Diocesan Statement: Violence in Kenosha, Wisconsin

September 01, 2020
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The Reverend Marc D. Smith, Ph.D.
Bishop’s Deputy for Gun Violence Prevention


The all-too-familiar tragedy of a young black man, Jacob Blake, shot seven times in the back by a Kenosha, Wisconsin police officer Aug. 23, 2020, and the protests it sparked sadly mark a summer of deep trouble and racial strife in our country.  The murder of two of those who were protesting the shooting, allegedly by 17-year-old Kyle Rittenhouse, a self-described defender of police, further punctuated our profound national divisions and the violence some will mobilize to resolve them.

To be sure, we do not know all the details surrounding Jacob Blake’s shooting or the killing of unarmed, non-threatening protesters.  That discovery is for journalists and the criminal justice system.  What is clear, however, is that centuries of structural racism, the increasing rhetoric of intolerance and hate and the ready access to firearms have drastically inflamed already superheated passions.  Especially because of the circumstances surrounding the murder of protesters in Kenosha by a minor with a military-style rifle, it is with particular outrage that we learned this week of the introduction of HCS HB 16 in the current Special Session of the Missouri General Assembly, a bill that would allow people to give guns to children without their parents’ permission.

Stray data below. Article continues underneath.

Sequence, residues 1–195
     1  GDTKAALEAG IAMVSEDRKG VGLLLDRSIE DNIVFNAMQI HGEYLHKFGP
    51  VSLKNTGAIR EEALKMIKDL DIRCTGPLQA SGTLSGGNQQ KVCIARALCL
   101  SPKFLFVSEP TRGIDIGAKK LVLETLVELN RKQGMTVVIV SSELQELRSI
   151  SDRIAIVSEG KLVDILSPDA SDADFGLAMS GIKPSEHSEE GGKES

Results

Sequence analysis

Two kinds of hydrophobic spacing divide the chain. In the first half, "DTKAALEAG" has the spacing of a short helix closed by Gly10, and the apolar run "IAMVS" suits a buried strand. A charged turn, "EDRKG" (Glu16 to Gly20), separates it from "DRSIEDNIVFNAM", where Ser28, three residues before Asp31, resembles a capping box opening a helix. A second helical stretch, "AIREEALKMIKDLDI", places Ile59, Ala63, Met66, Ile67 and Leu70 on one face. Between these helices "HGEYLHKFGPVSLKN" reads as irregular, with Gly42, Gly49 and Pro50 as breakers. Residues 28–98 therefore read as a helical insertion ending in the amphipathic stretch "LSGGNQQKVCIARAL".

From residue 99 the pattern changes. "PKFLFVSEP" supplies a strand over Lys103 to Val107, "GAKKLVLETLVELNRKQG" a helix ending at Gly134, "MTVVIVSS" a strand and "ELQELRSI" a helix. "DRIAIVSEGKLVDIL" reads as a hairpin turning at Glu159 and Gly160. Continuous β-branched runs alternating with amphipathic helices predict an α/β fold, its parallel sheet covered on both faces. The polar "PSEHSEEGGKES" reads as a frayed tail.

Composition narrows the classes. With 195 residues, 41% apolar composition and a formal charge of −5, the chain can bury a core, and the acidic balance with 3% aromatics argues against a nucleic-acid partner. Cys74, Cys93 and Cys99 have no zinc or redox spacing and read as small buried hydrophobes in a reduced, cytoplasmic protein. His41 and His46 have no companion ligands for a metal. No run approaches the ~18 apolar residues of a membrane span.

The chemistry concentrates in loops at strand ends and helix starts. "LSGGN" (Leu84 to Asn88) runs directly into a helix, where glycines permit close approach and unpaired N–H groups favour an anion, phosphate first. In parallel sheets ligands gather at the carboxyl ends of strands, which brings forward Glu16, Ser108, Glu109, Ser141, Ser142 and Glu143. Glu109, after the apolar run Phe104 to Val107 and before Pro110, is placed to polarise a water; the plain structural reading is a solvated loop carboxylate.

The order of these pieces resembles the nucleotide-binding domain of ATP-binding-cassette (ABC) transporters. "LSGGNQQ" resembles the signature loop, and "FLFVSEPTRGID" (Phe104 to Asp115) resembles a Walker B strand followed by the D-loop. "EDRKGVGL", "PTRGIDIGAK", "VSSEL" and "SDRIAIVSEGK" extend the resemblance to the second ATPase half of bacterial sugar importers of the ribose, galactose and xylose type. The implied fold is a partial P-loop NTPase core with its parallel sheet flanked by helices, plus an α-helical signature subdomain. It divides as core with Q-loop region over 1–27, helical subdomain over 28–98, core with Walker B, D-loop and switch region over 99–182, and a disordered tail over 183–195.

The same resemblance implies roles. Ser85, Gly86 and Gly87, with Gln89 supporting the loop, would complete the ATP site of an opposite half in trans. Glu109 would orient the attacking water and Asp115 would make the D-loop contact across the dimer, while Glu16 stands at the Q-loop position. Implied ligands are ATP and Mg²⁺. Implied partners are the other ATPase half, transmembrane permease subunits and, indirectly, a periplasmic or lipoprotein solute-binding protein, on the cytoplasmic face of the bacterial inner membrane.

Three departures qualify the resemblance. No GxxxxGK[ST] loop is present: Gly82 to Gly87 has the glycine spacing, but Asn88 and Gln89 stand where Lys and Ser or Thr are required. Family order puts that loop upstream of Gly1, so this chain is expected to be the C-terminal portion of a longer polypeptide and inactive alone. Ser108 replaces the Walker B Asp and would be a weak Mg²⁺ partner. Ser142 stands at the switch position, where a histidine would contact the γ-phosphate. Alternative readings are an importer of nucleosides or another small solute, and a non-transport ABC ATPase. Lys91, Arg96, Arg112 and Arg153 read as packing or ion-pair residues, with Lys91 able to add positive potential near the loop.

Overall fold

At a time when our nation is so pained, our prayers for the victims of gun violence, for police armed with the power of life and death and for those radicalized by hate are essential.  However, our faith also calls us to more.  It summons us to action in the public square.  In our own congregations and communities, we must lead honest conversations on our complicity in perpetuating racist social, political, economic and, yes, even religious systems.  Together, we must build a shared framework for the process of forgiveness and reconciliation that crosses cultural and partisan barriers.  We must continue to stand in opposition to violent extremism, as well as police misconduct.  And, we must engage the political process to promote safety rather than pander to fear.  May we together lead in this effort to summon the better angels of our nature across our deeply troubled country.     


Author: Janis Greenbaum
Category: 02-MDisciples

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